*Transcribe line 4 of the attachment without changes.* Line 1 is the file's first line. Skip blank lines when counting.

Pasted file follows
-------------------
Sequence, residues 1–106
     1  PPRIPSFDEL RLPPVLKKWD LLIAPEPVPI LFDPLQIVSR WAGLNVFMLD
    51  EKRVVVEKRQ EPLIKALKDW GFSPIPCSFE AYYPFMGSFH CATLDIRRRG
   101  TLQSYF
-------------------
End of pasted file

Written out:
   101  TLQSYF